‘Tis the stormy season here in the upper midwest. There will be thunder and lightning!
That’s OK! I enjoy a rattling good storm if:
1) I don’t have to go out in it, and
2) It doesn’t include a tornado.
Lightning is particularly fun to watch if you’re not on a sailboat, in the pool, or out on the golf course holding a five iron over your head. The jagged, unpredictable bolts make for a great show, especially if the action is at a distance. A lot of the drama is in the setting – we’re down here on the ground and all this unruly commotion is happening over our heads. We’re weak and helpless.
I’ve sometimes wondered if lightning is as impressive when observed from above. Well, just yesterday NASA distributed this photo taken three months ago from the International Space Station by Paolo Nespoli of the European Space Agency.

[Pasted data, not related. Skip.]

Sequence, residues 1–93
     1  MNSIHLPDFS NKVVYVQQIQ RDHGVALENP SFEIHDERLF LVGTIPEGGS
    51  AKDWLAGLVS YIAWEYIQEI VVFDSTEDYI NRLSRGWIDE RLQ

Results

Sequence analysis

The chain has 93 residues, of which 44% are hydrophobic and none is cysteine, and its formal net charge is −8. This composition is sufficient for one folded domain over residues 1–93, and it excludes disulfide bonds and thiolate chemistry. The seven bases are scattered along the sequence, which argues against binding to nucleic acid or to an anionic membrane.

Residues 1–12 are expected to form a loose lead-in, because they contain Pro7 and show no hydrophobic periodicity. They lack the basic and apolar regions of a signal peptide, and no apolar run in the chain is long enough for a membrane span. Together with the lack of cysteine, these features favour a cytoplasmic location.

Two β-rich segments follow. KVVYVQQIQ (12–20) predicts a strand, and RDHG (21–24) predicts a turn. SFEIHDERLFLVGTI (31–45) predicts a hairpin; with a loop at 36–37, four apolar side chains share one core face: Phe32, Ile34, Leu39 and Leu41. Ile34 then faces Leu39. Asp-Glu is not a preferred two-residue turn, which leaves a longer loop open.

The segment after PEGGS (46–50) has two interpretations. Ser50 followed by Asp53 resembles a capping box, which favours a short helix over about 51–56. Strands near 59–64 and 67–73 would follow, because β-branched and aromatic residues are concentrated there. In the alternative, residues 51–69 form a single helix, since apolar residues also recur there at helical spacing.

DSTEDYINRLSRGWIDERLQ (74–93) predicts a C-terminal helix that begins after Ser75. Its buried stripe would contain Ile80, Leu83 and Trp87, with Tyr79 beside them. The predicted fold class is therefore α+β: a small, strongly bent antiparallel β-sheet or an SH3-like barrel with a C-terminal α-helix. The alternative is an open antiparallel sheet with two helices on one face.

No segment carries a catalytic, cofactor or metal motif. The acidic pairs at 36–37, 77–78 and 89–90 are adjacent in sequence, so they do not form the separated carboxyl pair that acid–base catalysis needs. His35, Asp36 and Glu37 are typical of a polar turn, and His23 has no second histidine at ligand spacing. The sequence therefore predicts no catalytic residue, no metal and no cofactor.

It shows a storm in progress over Brazil.
I confess I would feel smug looking down on a thunderstorm from space. Finally – nothing to fear! Up above, I have the strategic advantage. Yes, I’ve got nothing but a metal bulkhead and some insulation to protect me from lethal cosmic rays and the frozen airless vacuum of space would make my blood boil if I were suddenly thrown into it and OK, perhaps the Klingons or the Borg are really out here, and what if our on-board computer stages a mutiny? But at least I don’t have to think about being hit by lightning!
Unless it looked more like this:
This can’t be good.
I suspect once humans get comfortable in outer space, the scariest stuff in the universe will still be those crazy things that might come after us from planets.
When has a change in perspective made all the difference?